So why has Liverpool’s economy grown faster than other similar sized British cities?

A pair of Superlambananas, which took over Liverpool during the 2008 European Capital of Culture celebrations. Image: Getty.

The latest instalment of our series, in which we use the Centre for Cities’ data tools to crunch some of the numbers on Britain’s cities. 

Last week in this space, I finally managed to find the overlap in the Venn diagram between urban economics and clickbait, when I published an article headlined, “Since 1998, a major northern city has grown almost as fast as London – and it’s not the one you think”.

The identity of the city in question, which as a dedicated CityMetric reader you’ll already know, was Liverpool. According to the Centre for Cities’ database, between 1998 and 2016 its economy grew by a factor of 2.1 – more than any major British city except London, Edinburgh or Cardiff.

Click to expand, if you must.

Why this might be is not a matter on which I spent too much time speculating. But the correspondence I received about that article, both demanding and suggesting explanations – and, in one memorable case, accusing me of colluding in corruption, by propagating official government figures (don’t ask) – suggests that plenty of other people were hungry for answers on this one.

So: here are some of the more popular theories.

It started from a low base

“The 90s were really bad here, man,” writes one local. My chart used 1998 as its year zero: if Liverpool fell behind its peers in the ‘90s, higher growth in the decades that followed could go largely unnoticed, simply because it never entirely caught up.

That’s no doubt part of the picture. But if you look at wages, it’s clear that Liverpool (in green) really did have a good start to the 21st century, compared to other regional cities:

Click to expand.

So: a partial explanation, at best.

It’s the culture, stupid

In 2003, Liverpool was named the 2008 European Capital of Culture. The city didn’t just spend five years planning its programme of events: it also took pains to ensure the event left a legacy, not just reputational, but in terms of cultural infrastructure, tourism facilities and actual physical venues, notably the Echo Arena.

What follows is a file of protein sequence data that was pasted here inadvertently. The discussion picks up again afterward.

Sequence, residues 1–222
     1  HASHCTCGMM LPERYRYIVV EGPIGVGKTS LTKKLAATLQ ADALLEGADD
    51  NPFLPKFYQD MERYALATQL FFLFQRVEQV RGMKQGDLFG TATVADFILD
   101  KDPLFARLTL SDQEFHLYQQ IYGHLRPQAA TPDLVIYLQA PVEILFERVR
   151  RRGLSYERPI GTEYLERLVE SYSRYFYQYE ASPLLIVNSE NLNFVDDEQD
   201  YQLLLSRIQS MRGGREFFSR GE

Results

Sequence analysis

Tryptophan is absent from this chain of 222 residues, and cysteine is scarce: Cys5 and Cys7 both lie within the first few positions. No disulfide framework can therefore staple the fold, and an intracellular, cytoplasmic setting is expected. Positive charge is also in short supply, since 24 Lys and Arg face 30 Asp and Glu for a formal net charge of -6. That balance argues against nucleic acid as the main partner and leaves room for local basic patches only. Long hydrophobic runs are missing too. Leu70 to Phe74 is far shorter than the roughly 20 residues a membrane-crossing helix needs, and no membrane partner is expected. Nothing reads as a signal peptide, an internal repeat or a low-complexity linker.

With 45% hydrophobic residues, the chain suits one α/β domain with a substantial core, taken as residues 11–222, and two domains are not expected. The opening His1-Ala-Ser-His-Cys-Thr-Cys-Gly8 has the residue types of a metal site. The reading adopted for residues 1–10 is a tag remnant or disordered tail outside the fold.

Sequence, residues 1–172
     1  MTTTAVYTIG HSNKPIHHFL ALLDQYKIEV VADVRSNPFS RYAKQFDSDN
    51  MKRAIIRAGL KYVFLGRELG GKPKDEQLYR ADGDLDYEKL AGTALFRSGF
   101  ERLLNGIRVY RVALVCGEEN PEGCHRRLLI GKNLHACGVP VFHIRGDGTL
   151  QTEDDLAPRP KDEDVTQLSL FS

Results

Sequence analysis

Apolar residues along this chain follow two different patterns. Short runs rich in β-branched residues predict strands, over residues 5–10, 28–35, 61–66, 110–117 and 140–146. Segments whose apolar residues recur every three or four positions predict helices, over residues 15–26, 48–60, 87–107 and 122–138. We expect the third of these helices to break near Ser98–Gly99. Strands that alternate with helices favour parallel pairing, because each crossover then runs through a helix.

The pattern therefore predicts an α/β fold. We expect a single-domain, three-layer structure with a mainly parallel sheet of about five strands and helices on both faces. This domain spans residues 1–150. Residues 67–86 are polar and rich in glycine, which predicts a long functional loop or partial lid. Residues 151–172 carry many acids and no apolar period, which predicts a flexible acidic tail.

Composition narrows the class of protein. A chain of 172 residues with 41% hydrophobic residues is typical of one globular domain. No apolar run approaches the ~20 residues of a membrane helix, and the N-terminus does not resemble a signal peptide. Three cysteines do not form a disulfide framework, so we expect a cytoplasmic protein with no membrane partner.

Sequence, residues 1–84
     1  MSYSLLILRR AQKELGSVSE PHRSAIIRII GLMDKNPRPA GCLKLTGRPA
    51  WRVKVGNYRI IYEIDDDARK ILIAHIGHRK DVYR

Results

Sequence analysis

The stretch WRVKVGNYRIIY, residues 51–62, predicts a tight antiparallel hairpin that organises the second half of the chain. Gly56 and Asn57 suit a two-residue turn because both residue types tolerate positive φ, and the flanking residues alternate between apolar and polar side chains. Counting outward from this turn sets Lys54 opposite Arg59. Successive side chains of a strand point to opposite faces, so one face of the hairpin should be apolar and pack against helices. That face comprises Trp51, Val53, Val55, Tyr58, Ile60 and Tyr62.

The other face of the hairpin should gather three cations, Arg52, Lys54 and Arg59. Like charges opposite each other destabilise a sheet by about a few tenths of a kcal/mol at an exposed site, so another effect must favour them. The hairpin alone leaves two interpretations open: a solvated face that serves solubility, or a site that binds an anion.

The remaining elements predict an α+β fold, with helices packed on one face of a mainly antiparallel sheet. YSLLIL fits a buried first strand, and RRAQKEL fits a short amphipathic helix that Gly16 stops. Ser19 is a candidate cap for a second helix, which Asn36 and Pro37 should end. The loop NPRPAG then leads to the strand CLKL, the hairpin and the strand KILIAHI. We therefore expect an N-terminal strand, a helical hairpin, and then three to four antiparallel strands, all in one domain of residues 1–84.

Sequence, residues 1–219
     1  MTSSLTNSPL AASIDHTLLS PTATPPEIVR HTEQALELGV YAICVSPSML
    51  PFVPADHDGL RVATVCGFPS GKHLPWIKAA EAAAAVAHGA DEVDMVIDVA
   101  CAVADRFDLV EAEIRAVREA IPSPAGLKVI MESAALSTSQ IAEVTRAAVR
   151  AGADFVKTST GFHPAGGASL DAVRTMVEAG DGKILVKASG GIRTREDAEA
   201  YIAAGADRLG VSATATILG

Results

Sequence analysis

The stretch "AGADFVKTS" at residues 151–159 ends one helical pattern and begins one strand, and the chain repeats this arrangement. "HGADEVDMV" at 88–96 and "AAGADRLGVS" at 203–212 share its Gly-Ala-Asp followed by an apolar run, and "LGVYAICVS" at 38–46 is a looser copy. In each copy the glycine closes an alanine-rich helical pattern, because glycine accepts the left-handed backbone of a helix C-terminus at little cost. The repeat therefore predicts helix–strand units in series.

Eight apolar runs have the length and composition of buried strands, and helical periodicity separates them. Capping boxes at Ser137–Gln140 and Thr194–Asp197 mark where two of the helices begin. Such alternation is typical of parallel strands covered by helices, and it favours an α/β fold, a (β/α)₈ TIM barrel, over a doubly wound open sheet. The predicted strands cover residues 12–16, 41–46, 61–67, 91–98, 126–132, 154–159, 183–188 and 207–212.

This was obviously not a factor in, say, Manchester over the same period: so perhaps you’d expect Liverpool to grow more.

It’s the great big shopping centre

Liverpool City Council agreed to redevelop the Paradise Street Area in 1999. Nearly a decade later, as the city was showing its cultural goodies off to the world, the Liverpool ONE development opened: at 42 acres, the largest open air shopping centre in the UK.

Not everyone loves Liverpool ONE, but it did comprehensively remake Liverpool as a retail centre: so again, you’d expect this to have had an impact on the size of the local economy.

It’s all the students

There are four universities in Liverpool. It’s difficult to find comprehensive figures, but there is a consensus that the student body has grown massively in recent decades: Edge Hill University, for example, has increased in size eightfold, from 2000 students in 1993 to around 15,000 now.

All this has a knock on effect – in terms of cafes, accommodation, nightlife. Perhaps this has helped drive Liverpool’s growth.

It’s affordable

The land is cheap in Liverpool. So is living the good life. So is buying a house. “My four storey Victorian townhouse in a conservation area cost £135k,” writes one correspondent. “Soz.”

At any rate: starting a business or undertaking a risky creative venture is easier in Liverpool than in many British cities. Perhaps that’s paying dividends.

It’s because of boundary issues

Something I didn’t explain as fully in the last post as I should have is how we’re defining Liverpool. The Centre for Cities (CfC) data uses “primary urban areas”, or PUAs: collections of local authorities which roughly approximate the economic footprint of a city.

The Liverpool one is actually quite small: just the city council and the neighbouring borough of Knowsley, excluding the other four boroughs of the Liverpool City Region. So it’s possible that the city has benefited from the wider trend for economic activity to move from the suburbs to cities proper.

Demonstrating that is difficult, at least with the data we’ve got. But we can show that Liverpool has grown faster than at least one of its outer boroughs. Because of the width of the Mersey, the CfC data counts the Wirral separately as the city or Bikenhead. It’s clear that the economy there has grown a lot less rapidly than that of the big city across the river:

It’s also possible that drawing the boundaries in different places would produce different results. For example:

So: maybe our figures were not wrong, exactly, but incomplete.

It’s the EU

In 1994, the EU allocated £700m to Liverpool under its Objective One regional development programme. Another £928m followed in 2000; aother £700m shared across the north west in 2007. Between 2014 and 2020, another £450m was allocated to Liverpool. (These figures from the Liverpool Echo.) That money helped fund a huge range of infrastructure across the city, including the Echo Arena.


All of these factors and more have probably contributed to Liverpool’s quiet boom. But it’s this last that I keep coming back to. European money has almost certainly been a big factor in Liverpool’s transformation – and it is very far from obvious that Westminster will be as keen to invest in the city as Brussels was. Little wonder that the city voted Remain.

Thanks to assorted correspondents including Laura Brown, Andrew Lutter, Kelly Scotney, Bren Birkett and Caroline Crampton.

Jonn Elledge is the editor of CityMetric. He is on Twitter as @jonnelledge and on Facebook as JonnElledgeWrites

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The media scumbag’s route of choice: A personal history of London’s C2 bus